4 • It is unclear how the “exceptional” level would relate to the tenure and promotion process. If the middle level (“success”) is actually enough to get someone tenure (as proposed by the Task Force), a level “exceptional” level two degrees higher appears to be superfluous to the T and P process. • Having an “exceptional” level will require that supervisors be able to separate “excellent” from “exceptional” accomplishments. For example, is a $20,000 grant “exceptional”? How about only a $10,000 one? Do three peer reviewed journal articles equal one book chapter? • Having an “exceptional” level requires fine distinctions among accomplishments, and some supervisors may resort to improperly comparing people to people, rather than people to the criteria. • If the “exceptional” level really is a rare event that is not meant to be sustainable, it has the potential to depress rather than increase morale among high achievers. People who currently are star performers and are used to evaluations appropriately filled with “exceeds” will no longer routinely receive the highest evaluation scores (by definition rare and unsustainable). • Adding an “exceptional” level that is difficult to achieve and more difficult to sustain may provide the seeds of completion rather than collaboration among our faculty. Our greatest strengths are our faculty and the teamwork and synergy that they exhibit. A decrease in collegiality and increase in competition (the unhealthy kind) would be detrimental to our mission. • Level 5 accomplishments may well be as much a product of luck, assignment, or supervisor provided opportunity as initiative or skill of the recipient. In summary, although the intent of three positive levels (“success”, “excellent”, “exceptional”) is to provide the ability to better distinguish performance levels, if the “exceptional” is expected to be rare and unsustainable, it is effectively taken off the table for the majority of evaluations. In effect, we are left with a two negatives, two positives scale (identical to the proposed four level system). The addition of this fifth “exceptional” level may have little benefit to the library or our faculty while providing at the minimum unwarranted complexity and uncertainly. An alternate 4 tier scale is presented in Appendix B. Further Implementation Considerations During the faculty poll a question was raised by a faculty member concerning how the final evaluation scale would be adopted and whether or not there would be a vote by faculty. As the vote question relates to Charge 2, Review relevant UF policies and regulations, an opinion was asked of the Libraries union representative. Interpretation of the contract and handbook led to the conclusion that a secret ballot vote of the faculty must be taken in order to amend the current evaluation system based on the following: Article 18.4 “Each faculty member’s performance of assigned duties shall be evaluated according to rating categories defined by the chair and the faculty of the department….”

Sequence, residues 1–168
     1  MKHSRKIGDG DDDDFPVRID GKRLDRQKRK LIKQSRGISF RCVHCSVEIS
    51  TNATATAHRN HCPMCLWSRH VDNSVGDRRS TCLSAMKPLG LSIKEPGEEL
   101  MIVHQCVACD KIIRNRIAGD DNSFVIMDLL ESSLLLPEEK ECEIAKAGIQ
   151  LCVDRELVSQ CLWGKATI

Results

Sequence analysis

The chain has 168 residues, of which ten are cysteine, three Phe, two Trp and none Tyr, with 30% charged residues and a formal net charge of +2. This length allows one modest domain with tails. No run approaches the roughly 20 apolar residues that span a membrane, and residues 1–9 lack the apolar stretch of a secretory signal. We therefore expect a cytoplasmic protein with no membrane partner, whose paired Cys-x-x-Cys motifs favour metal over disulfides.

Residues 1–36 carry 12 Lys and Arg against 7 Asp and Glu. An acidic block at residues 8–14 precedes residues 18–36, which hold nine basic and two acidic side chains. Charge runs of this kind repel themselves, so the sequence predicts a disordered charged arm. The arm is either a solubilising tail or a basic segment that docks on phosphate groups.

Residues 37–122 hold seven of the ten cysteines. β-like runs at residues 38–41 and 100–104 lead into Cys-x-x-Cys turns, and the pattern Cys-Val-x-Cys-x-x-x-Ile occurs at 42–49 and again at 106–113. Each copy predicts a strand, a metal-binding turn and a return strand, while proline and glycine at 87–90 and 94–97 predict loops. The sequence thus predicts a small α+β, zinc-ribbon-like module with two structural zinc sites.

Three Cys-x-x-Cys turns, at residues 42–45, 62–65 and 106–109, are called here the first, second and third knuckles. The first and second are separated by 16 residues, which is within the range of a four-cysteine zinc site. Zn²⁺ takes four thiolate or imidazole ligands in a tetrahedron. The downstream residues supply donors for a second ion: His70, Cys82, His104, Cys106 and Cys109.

PAGE 5

5 Article 18.6 “…discipline specific written clarifications [of the University criteria for annual performance evaluations, which includes in the libraries’ case the CDH Section III.A.2. detailing the ratings for the Annual Performance Evaluations as “achieves,” “exceeds,” and “needs improvement in (one or more areas)”] shall be approved in a secret ballot vote by a majority of all affected department faculty and shall be included in the department’s bylaws according to the provisions of Article 9”: Article 9.1 (a) Faculty members shall have the right to participate in the development of, and vote by secret ballot on, such bylaws (and subsequent revisions). If the bylaws are developed by means of a committee, such committee shall be comprised of faculty members elected by the faculty members of the unit. Article 9.1 (c) The Trustees and the UFF have agreed by the express terms of the Agreement to delegate to the faculty of appropriate units, in specific instances and within specified parameters, the development of discipline specific [i.e., librarianship] clarifications of University criteria for…performance evaluations. Article 9.2 (c) Faculty Proposal. The faculty members in each unit, in conjunction with the Chair or equivalent…shall develop and maintain bylaws. Provisions in the bylaws (and revisions thereto) relating to…performance evaluations must be approved in a secret ballot vote….The proposed bylaws shall be forwarded for approval to the dean.